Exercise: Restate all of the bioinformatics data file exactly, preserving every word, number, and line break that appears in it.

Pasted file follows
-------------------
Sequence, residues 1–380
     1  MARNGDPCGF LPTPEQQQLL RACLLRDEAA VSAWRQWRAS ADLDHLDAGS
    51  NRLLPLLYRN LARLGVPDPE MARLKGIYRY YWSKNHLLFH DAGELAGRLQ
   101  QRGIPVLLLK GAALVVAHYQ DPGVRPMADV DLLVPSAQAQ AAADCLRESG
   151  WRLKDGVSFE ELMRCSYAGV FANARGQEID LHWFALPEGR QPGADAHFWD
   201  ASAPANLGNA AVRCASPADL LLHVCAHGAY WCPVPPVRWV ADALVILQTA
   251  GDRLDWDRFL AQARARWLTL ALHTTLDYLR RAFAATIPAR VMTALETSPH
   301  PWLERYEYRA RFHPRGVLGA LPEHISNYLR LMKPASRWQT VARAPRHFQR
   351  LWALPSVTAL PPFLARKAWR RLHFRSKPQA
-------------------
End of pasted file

Sequence, residues 1–380
     1  MARNGDPCGF LPTPEQQQLL RACLLRDEAA VSAWRQWRAS ADLDHLDAGS
    51  NRLLPLLYRN LARLGVPDPE MARLKGIYRY YWSKNHLLFH DAGELAGRLQ
   101  QRGIPVLLLK GAALVVAHYQ DPGVRPMADV DLLVPSAQAQ AAADCLRESG
   151  WRLKDGVSFE ELMRCSYAGV FANARGQEID LHWFALPEGR QPGADAHFWD
   201  ASAPANLGNA AVRCASPADL LLHVCAHGAY WCPVPPVRWV ADALVILQTA
   251  GDRLDWDRFL AQARARWLTL ALHTTLDYLR RAFAATIPAR VMTALETSPH
   301  PWLERYEYRA RFHPRGVLGA LPEHISNYLR LMKPASRWQT VARAPRHFQR
   351  LWALPSVTAL PPFLARKAWR RLHFRSKPQA